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U.S. Response to the Japanese Nuclear Crisis


Background


On March 11, 2011, a magnitude 9 earthquake occurred off the east coast of Honshu, Japan, leading to a tsunami. The earthquake and tsunami caused crippled at least four of the six units of the Fukushima Daiichi nuclear power station. Attempts to restore power to emergency equipment were impeded by the disaster. As a result, normal and emergency cooling mechanisms for units 1, 2, and 3 were all compromised, and both the primary and secondary power supplies, responsible for cooling the system, failed.

In an attempt to prevent simultaneous meltdowns at several disabled reactors, Tokyo Electric Power Company (TEPCO), the operator of the plant, took emergency measures to cool the fuel. These measures included injecting sea water and boric acid into the reactor vessels of the three units. Despite these efforts, the fuel in the reactor cores became partially exposed. The exposed fuel overheated the water, leading to a buildup of hydrogen gas in units 1 and 3. Despite attempts to ventilate the primary containments to relieve pressure, hydrogen explosions occurred in both units and damaged the secondary containments.

On May 12, TEPCO officials confirmed that unit 1 at Fukushima suffered a full meltdown. The following week, the Japanese company admitted that reactor fuel had also melted at units 2 and 3.

Due to ongoing radiation releases at the plants and uncertainty about future risks, the Japanese government advised residents within a 12-mile radius of the reactor site to evacuate the area. Meanwhile the U.S. Nuclear Regulatory Commission (NRC) advised all U.S citizens to evacuate within a 50-mile radius of the site. By day 32 of the crisis, the deteriorating events at the Fukushima Daiichi nuclear power station were classified a category 7 by the International Atomic Energy Agency. This classification put the crisis on par with Chernobyl.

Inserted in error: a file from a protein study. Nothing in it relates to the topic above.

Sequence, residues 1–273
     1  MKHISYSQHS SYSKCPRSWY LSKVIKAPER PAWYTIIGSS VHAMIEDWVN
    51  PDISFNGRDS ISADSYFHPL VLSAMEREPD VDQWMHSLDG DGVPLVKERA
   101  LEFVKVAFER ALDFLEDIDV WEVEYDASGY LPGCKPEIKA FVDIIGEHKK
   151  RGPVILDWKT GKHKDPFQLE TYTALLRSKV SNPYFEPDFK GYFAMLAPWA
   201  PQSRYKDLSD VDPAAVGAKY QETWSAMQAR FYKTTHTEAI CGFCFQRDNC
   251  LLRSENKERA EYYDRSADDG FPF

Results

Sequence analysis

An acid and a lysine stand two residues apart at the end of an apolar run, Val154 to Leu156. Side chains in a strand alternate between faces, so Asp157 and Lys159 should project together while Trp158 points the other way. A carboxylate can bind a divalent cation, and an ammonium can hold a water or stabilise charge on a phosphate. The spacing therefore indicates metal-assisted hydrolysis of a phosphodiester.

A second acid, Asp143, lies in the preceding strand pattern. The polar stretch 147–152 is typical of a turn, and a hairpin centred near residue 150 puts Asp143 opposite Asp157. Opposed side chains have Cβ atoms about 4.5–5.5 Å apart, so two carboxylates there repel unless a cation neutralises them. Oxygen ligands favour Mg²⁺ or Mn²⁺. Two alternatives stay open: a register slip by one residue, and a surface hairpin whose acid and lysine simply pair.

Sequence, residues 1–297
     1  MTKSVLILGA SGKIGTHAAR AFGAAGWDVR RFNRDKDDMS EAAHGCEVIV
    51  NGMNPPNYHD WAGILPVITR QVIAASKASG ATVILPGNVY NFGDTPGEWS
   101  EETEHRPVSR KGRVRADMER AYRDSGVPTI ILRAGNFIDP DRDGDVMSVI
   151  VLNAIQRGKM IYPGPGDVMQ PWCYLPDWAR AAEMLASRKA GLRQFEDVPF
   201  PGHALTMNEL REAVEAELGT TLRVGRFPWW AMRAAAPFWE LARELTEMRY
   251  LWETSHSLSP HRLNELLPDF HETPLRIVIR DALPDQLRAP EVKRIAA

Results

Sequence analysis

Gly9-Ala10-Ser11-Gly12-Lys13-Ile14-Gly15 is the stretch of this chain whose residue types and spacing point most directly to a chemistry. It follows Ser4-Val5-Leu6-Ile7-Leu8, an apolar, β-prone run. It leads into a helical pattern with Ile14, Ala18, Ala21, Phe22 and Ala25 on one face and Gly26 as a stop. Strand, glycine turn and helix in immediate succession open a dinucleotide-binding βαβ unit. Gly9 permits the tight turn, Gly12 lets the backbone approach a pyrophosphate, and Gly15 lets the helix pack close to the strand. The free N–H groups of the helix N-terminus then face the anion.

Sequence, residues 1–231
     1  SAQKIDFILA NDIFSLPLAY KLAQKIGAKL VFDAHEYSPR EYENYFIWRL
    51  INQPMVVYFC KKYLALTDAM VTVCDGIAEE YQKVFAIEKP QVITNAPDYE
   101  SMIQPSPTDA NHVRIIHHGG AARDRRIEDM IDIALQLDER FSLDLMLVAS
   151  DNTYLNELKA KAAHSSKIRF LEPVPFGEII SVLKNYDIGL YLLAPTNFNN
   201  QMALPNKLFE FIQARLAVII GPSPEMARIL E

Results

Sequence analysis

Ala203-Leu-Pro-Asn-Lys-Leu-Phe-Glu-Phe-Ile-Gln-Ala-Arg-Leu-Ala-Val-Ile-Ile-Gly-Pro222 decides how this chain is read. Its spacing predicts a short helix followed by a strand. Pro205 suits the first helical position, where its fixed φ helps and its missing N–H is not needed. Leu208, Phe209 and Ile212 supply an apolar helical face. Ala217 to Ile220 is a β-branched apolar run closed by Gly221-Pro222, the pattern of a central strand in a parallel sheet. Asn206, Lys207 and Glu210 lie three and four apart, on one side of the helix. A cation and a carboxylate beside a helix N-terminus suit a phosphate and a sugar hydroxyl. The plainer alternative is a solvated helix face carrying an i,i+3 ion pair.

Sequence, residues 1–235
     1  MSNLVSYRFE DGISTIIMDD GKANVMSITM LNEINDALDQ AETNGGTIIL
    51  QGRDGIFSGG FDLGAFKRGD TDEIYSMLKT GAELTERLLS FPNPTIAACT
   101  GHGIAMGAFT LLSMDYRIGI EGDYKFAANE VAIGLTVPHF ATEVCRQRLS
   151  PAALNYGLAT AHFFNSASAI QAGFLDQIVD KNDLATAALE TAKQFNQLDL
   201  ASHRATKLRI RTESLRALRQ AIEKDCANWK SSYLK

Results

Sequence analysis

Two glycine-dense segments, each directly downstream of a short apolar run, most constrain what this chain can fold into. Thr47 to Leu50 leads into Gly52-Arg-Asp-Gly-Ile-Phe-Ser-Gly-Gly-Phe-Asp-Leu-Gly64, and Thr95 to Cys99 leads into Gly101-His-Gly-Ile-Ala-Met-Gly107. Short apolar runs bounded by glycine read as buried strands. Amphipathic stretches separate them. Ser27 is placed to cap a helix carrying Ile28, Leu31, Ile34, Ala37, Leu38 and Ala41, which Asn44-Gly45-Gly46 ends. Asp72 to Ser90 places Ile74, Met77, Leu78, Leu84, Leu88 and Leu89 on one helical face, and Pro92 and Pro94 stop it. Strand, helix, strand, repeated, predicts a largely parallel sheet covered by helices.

April 17, 2011, TEPCO issued a plan to stabilize the nuclear reactors and the spent fuel pools at the Fukushima Daiichi plant and mitigate radioactive releases. Three months after the earthquake, radiation leaks were still being detected, and it will be several decades before the spent fuel have cooled enough to be removed.

While no deaths have been officially attributed to the Fukushima Daiichi Nuclear incident, nearly 80,000 people have been evacuated from within 20 kilometers of the plant due to fear of radiation. Radiation is accumulating in marine life on the Japanese Coast above legal limits for food, which can and will threaten Japan's fishing industry and food supply. The World Health Organization has said that the sale of food from areas near the plant should be banned by the Japanese Government because radiation in food is more dangerous than radioactive particles in the air because of accumulation in the human body. A range of Japanese industries have been cited for potential radiation concerns including milk, eggs, meat, spinach, and other leafy vegetables. In fact, Japan recently banned the shipment of green tea leaves grown in four prefectures around Tokyo, a substantial distance from the Fukushima Nuclear Plant. In addition, more than 10,000 cows were left behind when the evacuation took place, causing many of them to die of starvation.

Despite the severity of the ongoing disaster in Japan and a global chill toward nuclear development best represented by Germany's announcement to retire its 17 nuclear reactors by 2022, the official U.S. response has been to stay the nuclear course.

Administrative Response


Following the nuclear disaster in Japan, the Obama administration reassured the American public of the safety of America's nuclear fleet despite the striking technical similarities between some of the U.S. reactors and the troubled Japanese reactors and brushed aside calls for a halt on nuclear power activities in the U.S. In fact, the administration is still seeking to expand federal subsidies for new nuclear reactor development.

Read the letter to the House and Senate Appropriations Committees (PDF) urging them to oppose additional appropriations for nuclear reactor loan guarantees in the Fiscal Year 2012 Energy and Water Appropriations bill.

Take action: Urge President Obama to end nuclear subsidies.

Regulatory Response


In response to the Fukushima Daiichi Nuclear disaster, the U.S. Nuclear Regulatory Commission initiated an immediate 90-day review of the U.S. nuclear fleet, which will be followed by a more comprehensive six-month review.

On July 12, 2011 the near-term task force released its recommendations to improve reactor safety in the wake of the Fukushima accident.